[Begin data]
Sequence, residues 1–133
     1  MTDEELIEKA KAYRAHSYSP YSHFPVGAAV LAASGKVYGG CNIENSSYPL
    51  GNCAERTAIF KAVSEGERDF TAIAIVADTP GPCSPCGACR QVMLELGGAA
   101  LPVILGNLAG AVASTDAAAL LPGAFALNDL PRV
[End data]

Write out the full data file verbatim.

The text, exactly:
Sequence, residues 1–133
     1  MTDEELIEKA KAYRAHSYSP YSHFPVGAAV LAASGKVYGG CNIENSSYPL
    51  GNCAERTAIF KAVSEGERDF TAIAIVADTP GPCSPCGACR QVMLELGGAA
   101  LPVILGNLAG AVASTDAAAL LPGAFALNDL PRV